American Dreams :American Art to 1950 in the Williams College Museum of Art

Wall Art Therapy in Rochester

Ian Wilson, standing in front of the Troup Street mural created in July 2011.
PHOTO BY LAUREN PETRACCA

Driving around  Rochester you may have noticed some extraordinary murals that have been painted on buildings.
So if these have caught your attention and you want to know more, read on. These murals are part of a larger project, called Wall Therapy.

Faith47′s North Union Street mural, created in July 2011 as part of the first Wall Therapy project.
PHOTO BY LAUREN PETRACCA

The first Wall Therapy project, Visual Intervention, happened July 2011.  Therefore, this year’s project will officially be known as “WALL\THERAPY, the second movement of Visual Intervention. Wall Therapy encourages local and International artists to transform neighborhoods through art. These large sometimes brightly colored murals are being painted by twelve artists, some from Rochester and others from Spain, South Africa and China.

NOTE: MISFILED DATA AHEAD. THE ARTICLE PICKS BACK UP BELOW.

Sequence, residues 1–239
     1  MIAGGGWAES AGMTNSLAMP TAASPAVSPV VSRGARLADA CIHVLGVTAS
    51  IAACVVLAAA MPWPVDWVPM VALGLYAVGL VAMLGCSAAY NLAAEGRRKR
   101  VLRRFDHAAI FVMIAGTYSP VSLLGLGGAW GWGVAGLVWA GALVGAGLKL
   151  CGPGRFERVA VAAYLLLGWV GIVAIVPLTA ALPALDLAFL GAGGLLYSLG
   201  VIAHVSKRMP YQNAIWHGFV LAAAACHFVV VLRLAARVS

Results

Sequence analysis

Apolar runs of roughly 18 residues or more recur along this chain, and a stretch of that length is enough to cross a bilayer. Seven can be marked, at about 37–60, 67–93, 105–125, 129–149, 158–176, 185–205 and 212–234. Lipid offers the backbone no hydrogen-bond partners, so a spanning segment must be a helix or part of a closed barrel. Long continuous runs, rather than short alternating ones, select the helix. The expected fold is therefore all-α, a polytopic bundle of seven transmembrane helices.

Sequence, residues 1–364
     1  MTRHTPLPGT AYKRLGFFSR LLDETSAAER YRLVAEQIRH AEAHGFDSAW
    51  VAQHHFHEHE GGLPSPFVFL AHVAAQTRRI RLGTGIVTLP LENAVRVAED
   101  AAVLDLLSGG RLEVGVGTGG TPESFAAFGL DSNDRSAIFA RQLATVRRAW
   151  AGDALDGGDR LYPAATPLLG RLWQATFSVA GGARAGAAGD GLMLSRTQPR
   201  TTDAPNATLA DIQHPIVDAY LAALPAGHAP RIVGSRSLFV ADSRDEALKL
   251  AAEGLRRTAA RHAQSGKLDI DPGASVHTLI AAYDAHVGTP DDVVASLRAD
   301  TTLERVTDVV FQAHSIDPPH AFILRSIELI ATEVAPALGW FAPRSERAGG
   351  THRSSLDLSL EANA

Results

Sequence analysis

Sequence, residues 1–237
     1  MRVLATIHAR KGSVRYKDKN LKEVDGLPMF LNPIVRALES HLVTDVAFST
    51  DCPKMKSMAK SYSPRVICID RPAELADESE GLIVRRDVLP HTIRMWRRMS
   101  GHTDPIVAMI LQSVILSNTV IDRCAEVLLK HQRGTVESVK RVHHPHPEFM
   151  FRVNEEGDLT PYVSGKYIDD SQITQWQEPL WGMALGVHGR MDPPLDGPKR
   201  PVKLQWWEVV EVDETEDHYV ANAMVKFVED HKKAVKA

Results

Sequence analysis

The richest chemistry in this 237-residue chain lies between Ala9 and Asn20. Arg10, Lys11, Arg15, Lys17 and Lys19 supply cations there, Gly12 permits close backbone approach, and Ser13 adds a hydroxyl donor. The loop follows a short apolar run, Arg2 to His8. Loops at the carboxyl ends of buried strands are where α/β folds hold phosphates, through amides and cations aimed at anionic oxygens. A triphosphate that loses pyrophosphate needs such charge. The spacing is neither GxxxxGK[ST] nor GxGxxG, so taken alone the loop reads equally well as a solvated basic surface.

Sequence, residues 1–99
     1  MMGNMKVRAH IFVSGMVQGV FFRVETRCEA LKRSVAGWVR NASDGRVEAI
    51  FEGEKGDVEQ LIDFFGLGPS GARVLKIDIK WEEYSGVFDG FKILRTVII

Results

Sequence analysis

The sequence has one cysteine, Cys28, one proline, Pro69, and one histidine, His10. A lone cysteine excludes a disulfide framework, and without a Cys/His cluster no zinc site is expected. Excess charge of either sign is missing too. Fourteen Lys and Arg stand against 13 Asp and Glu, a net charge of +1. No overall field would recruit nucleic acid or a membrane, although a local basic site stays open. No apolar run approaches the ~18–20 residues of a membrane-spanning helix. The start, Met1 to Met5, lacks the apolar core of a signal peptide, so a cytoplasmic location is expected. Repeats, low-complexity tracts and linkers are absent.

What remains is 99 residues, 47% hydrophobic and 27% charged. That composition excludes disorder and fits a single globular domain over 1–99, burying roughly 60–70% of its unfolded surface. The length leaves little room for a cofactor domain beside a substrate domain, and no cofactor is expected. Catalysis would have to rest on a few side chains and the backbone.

You can view these murals in different locations around the city and at the Public Market. Public Market artist Justin Suarez says, “Doing something like this brightens up the building a little bit and it adds some beauty to an otherwise decrepit building,” and “it inspires people to take a little more pride in their community.”
You can read more about this project at RocCity News and here at Rochester Homepage. Here is a map with the mural locations.

PHOTO BY LAUREN PETRACCA

Wall Therapy Locations:

Avenue D Community Center
Public Market West
Public Market East
World Wide News
Back of  Little Theatre
56 South Union Street

First Fridays for Art in Rochester

First Friday is Citywide Gallery Night in Rochester, NY

The first Friday of every month is is a citywide gallery night that encourages collaboration between non-profit, university, and commercial art venues in Rochester, NY. This Friday May 4, 2012,  is a First Friday night and you can support local artists by visiting the galleries listed here between 6-9pm.